Monk had charge of the stenography department and taught the languages. 
JMrs. J. F. Monk and Miss Mable Allison taught the normal branches. Professor 
B. T. Green taught the sciences and mathematics and had charge of the com- 
mercial department. The music department was under the direction of Pro- 
fessor W. V. Jones and his daughter. Miss Gertrude Jones. Miss Amelia Golds- 
worthy had charge of the art department. 

The first class graduated in June, 1893, and was composed of thirteen mem- 
bers from the commercial and stenographic departments. Those from the com- 
mercial department were: J. Oscar Ahlberg, Otto L. Boehm, Walter M. Boehm, 
Edwin Brickson, Nora Lenihan, Benjamin F. McNeil, Charles R. Peterson, 
Jennie ]\I. Slate. The stenography class included: Jurgen N. Anderson, Ella 
W. Beach, Annie G. Fahey, Lizzie E. Harvison and Bessie B. Norton. The 
first normal class graduated in 1894, and consisted of Jessie V. Cox and Ida M. 



In 1893, Professor Tobiii made a contract with Messrs. Green and Monk, 
by which they were to take charge of the school, buying it from him. But 
the hard times in 1893-94 so cut down the attendance, that they were unable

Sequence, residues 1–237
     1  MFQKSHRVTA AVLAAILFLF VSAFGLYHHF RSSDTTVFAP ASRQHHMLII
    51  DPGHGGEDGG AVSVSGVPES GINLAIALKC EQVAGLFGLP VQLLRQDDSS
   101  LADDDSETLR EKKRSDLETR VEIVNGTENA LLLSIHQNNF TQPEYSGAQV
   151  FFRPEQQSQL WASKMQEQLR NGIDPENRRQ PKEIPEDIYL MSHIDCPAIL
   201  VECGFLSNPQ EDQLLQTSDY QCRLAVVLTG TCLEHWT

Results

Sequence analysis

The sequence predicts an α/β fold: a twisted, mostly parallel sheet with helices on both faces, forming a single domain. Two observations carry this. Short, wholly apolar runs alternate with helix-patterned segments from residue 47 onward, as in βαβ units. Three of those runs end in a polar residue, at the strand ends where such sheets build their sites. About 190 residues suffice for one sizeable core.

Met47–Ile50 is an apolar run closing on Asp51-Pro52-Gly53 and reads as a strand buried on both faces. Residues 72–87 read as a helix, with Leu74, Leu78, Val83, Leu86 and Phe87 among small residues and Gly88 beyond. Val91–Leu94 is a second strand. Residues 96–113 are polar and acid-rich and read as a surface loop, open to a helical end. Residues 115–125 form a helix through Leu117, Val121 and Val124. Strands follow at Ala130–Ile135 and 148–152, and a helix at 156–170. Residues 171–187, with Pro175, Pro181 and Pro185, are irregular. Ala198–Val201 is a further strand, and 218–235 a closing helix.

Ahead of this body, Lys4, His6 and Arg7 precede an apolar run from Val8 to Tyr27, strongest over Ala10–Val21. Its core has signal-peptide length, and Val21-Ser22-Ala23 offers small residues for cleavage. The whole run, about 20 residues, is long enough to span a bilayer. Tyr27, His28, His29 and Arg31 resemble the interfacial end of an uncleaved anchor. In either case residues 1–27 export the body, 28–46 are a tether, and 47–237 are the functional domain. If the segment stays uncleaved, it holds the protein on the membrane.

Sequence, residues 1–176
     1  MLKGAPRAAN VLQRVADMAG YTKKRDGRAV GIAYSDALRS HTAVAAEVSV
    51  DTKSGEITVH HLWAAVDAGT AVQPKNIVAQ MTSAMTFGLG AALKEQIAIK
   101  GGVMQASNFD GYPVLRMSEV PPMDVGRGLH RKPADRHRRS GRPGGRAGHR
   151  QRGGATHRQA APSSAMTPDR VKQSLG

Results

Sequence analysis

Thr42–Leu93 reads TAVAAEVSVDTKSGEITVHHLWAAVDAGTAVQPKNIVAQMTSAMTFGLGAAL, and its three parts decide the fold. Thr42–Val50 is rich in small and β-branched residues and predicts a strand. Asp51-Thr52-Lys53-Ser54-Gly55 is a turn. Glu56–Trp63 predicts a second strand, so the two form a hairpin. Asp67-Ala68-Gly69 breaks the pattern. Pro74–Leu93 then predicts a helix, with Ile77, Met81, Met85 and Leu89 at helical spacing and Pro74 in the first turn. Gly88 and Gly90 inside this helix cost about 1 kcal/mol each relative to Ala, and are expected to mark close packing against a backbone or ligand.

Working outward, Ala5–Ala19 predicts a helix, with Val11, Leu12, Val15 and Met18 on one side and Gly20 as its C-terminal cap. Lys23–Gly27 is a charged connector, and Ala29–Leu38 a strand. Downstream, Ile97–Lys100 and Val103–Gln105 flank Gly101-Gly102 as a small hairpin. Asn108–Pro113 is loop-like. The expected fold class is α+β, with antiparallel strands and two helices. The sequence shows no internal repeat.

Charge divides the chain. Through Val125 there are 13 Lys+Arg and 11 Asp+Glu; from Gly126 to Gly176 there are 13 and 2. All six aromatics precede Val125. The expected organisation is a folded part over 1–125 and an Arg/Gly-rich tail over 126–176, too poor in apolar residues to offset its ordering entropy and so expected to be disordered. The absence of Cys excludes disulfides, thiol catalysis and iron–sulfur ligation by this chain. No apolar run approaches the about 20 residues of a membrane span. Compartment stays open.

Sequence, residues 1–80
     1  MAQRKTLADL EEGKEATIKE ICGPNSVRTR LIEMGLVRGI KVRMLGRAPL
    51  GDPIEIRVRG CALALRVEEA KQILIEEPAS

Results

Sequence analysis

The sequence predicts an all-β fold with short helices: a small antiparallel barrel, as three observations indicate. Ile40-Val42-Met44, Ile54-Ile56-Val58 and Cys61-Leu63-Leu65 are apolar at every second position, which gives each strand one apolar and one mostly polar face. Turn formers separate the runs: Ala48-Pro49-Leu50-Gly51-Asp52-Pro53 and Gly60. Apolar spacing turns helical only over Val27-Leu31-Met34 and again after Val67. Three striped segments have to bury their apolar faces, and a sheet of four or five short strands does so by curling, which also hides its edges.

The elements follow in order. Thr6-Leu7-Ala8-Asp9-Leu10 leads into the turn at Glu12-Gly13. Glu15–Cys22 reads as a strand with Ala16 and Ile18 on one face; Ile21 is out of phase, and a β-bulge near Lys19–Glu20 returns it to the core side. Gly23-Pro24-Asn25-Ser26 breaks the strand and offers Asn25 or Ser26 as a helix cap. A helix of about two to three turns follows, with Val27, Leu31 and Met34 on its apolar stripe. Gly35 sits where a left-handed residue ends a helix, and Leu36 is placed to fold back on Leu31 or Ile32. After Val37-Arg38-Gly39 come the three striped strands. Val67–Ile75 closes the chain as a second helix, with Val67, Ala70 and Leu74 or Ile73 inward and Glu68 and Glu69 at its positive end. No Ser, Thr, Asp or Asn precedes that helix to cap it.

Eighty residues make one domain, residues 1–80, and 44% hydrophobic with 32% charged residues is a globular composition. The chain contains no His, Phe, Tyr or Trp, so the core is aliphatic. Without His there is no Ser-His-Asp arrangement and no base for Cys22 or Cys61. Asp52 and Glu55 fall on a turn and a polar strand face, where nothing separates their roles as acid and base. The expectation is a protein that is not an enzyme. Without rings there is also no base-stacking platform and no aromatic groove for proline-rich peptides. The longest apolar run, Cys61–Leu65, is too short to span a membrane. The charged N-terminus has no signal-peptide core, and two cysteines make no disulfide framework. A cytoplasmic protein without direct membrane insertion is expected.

to make their payments, and Professor Tobin again assumed active control in 
the fall of 1894. Professor Monk remained on the college faculty, but Pro- 
fessor Green followed his natural inclination and studied medicine. 

During the school year 1894-95, the two literary societies, the Philomathean 
and the Amphycton, were established. The societies have remained in existence 
ever since. The Snitkay Debate Prize has had much to do in stimulating the 
interest in debate. This prize is offered by Dr. C. J. Snitkay, an alumnus of 
the class of "97, and his wife, Mrs. Emma Monk Snitkay, an alumnus of the 
class of '95. The society winning the contest in debate is given a prize of 
$10.00. This prize money has always been used by the societies for the benefit 
of the school. It was in declamatory w'ork, the teaching of young men and 
women to think and talk upon their feet, that Professor Tobin was especially 
interested. To this work he gave freely both of his time and of his zeal. Many 
of the older students of the college remember how night after night, he sat in 
the rear of the chapel, criticising and commending, but always urging onward 
his students. And the present success of many of the alumni is due in a large 
measure to the training of Professor Tobin. His interest was such that he 
never missed a program of the literary societies, nor any program in which 
his students took part. His enthusiasm and interest was so genuine and from 
the heart that it engendered a longing for success in his pupils. 

The first declamatory contest of the college was held in the year 1893. and